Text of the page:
In an attempt to get in the pre-match zone, I donned my Rave T-shirt, grabbed a spotty banana and banged on some up-to-11 Queens Of The Stone Age. Also treated myself to a new 47p 500ml bottle of Co-op Fairbourne Springs water. With sports top, naturally. That lottery funding will kick in anyday now. No Arvind -- our Indian's done a runner -- leaving the cracked line-up of Andy, Kev and me. Plus Grenvyle when he's not on dialysis.
Britannia Dome tonight against a team who, apparently, should have been relegated. Rusty nervy start for me against their young lady before my spin prevailed. Kev came unstuck playing big Paul, leaving me to do battle with Vlad: scraped through that one too, somehow. Half eight, must be time for Andy to turn up .. who promptly pulled something he shouldn't and spent the rest of the evening hobbling around awkwardly, doing a fair impersonation of our fourth player.
Luckily, left-handed Paul caved in against both Andy and me, even playing the odd right-handed shot. Kev went 2-0 up on Nic and lost the next three; she also outflexed Andy over five ends. And me/Kev turned in a dreadful doubles. Going down 6-4 to low ranked opposition wasn't quite the dream start. Quoting D:Ream, Things Can Only Get Better.
EDitorial ± 5-Sep-2008
Felixstowe Light Lunches: Cafe Bencotto
Light lunch ligging is back after a late August layoff, and conditions are September sad for the (car)ferry to Felixstowe. Just when we think it's behind us, it keeps pulling us back for one last job: picture the 'Stowe as Don "Yes! Yes!" Logan to our Gal "No, No" Dove.
There's a new joint in town on which we've had our all day breakfast eye for a goodly while. Now the summer's gone, Tim Yeo's simple-as trio of meeting & eating places is complete:
- A is for Alex, Felixstowe -- been there, done that, will go back
- B is for Black Tiles, Martlesham -- not a million miles from the office
- C is for Cafe Bencotto, Felixstowe -- "Mediterranean fayre venue", it says here
According to my recently used Collins Italian phrasebook, "Ben Cotto" means ... what? Anyone? Well done if you said well done. Which is apposite since the interior is precisely that. Dead classy, lots of light, loads of space: a far cry from when the old Bencotto Steak House was the haunt of my grandparents. There's plenty of tables too, though precious few free ones this particular lunchtime. We're allocated a semicircular bay, most comfortable, and given menus to peruse. Pizza? Pasta? Anti pasto?
Drinks ordered, prevarication ensues, so much so that we seem to lose our waitress slot. It's a while before we can place our food orders -- time to eye today's newspapers -- and we've all got a keen appetite when our grub finally turns up. Hey presto, I don't think so. Just about worth the wait for my smoked pancetta and avocado salad with tasty dressing; Andy's veg platter and Gren's spagbol also look the part.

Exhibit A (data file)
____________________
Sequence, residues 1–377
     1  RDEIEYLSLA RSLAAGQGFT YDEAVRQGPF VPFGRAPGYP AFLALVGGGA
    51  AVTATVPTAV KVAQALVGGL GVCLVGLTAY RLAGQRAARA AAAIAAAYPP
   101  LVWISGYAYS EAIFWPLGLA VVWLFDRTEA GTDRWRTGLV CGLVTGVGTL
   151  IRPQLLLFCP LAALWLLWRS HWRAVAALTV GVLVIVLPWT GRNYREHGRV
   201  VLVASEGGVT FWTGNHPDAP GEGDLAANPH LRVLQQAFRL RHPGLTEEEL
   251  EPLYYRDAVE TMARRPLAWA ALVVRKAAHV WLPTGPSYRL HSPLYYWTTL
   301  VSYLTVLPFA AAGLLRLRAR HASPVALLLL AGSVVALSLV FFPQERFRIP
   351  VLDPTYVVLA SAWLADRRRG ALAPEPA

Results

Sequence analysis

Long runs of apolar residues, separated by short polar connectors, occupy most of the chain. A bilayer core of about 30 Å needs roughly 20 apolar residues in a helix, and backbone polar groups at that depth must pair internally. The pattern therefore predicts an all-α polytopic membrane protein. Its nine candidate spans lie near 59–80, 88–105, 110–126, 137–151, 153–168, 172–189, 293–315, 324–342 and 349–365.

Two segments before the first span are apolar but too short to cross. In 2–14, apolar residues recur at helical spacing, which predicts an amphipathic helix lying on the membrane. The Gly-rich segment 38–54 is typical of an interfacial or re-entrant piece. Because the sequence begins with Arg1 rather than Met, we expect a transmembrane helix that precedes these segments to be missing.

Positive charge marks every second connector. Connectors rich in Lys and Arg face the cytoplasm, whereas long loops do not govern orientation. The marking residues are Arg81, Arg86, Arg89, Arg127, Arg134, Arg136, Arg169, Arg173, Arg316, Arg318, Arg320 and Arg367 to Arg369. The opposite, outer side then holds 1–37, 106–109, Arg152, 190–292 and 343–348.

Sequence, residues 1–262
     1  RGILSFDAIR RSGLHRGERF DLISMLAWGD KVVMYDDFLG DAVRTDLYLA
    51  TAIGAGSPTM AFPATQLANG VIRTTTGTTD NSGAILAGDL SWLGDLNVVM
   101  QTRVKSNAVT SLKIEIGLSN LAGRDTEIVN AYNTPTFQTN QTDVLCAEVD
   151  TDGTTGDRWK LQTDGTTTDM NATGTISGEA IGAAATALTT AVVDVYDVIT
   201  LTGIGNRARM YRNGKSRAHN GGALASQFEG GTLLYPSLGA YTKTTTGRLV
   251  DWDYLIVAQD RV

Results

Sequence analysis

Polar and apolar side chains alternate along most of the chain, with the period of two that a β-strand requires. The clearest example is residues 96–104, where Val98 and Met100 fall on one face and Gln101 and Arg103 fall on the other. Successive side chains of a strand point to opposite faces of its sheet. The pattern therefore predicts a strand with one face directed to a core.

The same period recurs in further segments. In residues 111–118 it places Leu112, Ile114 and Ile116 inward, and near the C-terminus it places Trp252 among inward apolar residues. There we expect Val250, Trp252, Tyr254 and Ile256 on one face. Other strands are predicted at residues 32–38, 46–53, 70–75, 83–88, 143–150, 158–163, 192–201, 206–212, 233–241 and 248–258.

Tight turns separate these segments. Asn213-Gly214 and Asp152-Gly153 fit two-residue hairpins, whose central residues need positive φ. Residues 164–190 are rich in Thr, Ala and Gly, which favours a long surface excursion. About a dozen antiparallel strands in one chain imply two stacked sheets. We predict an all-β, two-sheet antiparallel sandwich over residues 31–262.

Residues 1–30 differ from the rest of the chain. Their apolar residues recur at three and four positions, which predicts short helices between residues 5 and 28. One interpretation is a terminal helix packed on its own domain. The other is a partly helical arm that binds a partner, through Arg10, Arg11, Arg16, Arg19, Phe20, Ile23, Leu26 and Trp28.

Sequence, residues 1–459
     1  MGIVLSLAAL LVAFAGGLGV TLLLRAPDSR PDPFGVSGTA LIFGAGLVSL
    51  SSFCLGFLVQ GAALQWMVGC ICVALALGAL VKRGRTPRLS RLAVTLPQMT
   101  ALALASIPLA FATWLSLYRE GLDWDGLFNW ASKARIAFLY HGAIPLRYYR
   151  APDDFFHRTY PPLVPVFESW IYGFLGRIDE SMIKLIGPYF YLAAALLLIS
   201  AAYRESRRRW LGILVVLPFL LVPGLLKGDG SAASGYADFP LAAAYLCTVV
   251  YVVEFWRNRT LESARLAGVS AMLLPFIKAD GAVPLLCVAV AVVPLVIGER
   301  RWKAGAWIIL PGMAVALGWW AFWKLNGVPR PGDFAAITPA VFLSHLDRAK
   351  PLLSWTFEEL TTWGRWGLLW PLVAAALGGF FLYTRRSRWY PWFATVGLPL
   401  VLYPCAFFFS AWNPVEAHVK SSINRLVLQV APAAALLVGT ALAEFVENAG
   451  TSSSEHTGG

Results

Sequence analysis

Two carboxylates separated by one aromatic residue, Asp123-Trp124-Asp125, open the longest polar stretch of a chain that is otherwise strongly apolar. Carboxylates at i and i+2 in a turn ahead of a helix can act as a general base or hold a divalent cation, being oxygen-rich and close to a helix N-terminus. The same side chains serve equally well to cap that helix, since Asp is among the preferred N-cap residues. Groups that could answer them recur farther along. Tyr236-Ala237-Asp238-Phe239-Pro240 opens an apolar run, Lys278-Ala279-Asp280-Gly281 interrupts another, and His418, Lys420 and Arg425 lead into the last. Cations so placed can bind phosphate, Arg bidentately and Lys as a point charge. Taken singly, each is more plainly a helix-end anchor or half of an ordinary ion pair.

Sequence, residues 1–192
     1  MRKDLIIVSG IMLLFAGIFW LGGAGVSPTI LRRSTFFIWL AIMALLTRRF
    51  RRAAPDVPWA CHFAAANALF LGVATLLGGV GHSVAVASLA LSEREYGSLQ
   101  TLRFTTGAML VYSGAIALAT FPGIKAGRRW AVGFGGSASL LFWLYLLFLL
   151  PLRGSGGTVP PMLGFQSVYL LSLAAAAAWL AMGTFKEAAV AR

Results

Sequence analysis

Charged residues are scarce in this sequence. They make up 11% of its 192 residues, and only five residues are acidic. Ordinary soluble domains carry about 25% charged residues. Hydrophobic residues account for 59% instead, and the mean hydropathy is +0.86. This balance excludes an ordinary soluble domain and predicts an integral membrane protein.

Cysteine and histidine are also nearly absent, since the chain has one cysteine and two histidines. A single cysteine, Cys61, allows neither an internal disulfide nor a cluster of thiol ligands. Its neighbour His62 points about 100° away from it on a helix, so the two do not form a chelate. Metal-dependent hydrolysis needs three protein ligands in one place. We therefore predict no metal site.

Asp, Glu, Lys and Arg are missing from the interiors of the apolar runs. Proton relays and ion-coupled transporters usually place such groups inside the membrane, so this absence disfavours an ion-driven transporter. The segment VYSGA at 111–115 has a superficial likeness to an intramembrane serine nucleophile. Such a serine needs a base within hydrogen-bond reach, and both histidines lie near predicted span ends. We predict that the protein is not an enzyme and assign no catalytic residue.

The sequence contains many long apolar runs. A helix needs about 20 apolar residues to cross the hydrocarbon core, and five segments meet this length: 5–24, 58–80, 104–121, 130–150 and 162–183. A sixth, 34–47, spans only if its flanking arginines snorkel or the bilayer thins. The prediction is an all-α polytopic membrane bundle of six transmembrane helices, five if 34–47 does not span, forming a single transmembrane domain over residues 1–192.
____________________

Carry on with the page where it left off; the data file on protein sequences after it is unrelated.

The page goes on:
Would very much have liked to try their macchiato, maybe with the lemon tart, but time was against us, largely due to the "unhurried" (if we're being kind) service. They sure didn't move that slowly when these premises used to be the fire station.
If it was a car -- Fiat Ulysse.
If they were passing by -- Matteo Sereni.
150 days later and we're back at the Bencotto thanks to some cut-and-snip coupons offering selected main meals for a fiver. Pleased to report that service is ace, and plates-o-food are before us in two shakes. Maybe shouldn't have added chilli oil to my already chilli-laden pizza, but hey: v. tasty and Pizza Express-ish, which is good. Grenvyle's seafood linguine looks great. And to follow up my whole litre of chilled Bencotto brand water, a potent kerpow of a macchiato. Nice one, Bencotto.
EDitorial ± 1-Sep-2008
Agosto, Umbria, Italia -- rented Astra estate (curiously, this means "summer" in the local lingo) tells us today is "martedi" -- and we're on a day trip to somewhere I've actually heard of.
Today is destinazione Perugia, a name dimly remembered from the glory days of Football Italia on Channel 4. Fabrizio show-us-your-belly Ravanelli started and ended his calcio career here. Head past nearby town of Castiglione del Lago and onto the soothingly named E45 road. Ah, smooth, apart from the odd pothole. Several tunnels later we've taken the correct exit and, after a bit of a climb, somehow found the right car park.
Now to follow the signs to the escalators. Of course! 'Cos that's the way you reach the oldest part of town. Up one covered moving walkway, then another, quick walk and up the next, et cetera: there's five or six of 'em. Fantastically, the penultimate riser brings you up into the underground remains of the city.
Saunter along the Corso Vannucci, past the Apple store, and admire the Palazzo dei Priori (tick), Fontana Maggiore (noted) and Duomo (cross it off). Etruscan Arch can follow once we've had a macchiato and some gelati.
Much later, all sapped by the heat and the walking, we're struggling to find the way back out in the car and find ourselves in the wrong lane, not for the first time. What's that? A McDonalds sign? And there's a parking spot outside? Come on, kids! Watch your Dad as he struggles gamely to order various items before discovering that the young lady server speaks perfectly good English.